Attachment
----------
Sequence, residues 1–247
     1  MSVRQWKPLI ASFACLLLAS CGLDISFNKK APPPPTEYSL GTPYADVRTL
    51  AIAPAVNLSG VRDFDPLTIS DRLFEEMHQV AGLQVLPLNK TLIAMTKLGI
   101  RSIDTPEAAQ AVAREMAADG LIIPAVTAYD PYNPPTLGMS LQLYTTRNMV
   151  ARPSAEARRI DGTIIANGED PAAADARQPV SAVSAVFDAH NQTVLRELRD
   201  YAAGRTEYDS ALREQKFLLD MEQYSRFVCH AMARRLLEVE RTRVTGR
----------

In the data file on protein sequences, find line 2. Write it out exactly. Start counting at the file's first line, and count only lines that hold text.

     1  MSVRQWKPLI ASFACLLLAS CGLDISFNKK APPPPTEYSL GTPYADVRTL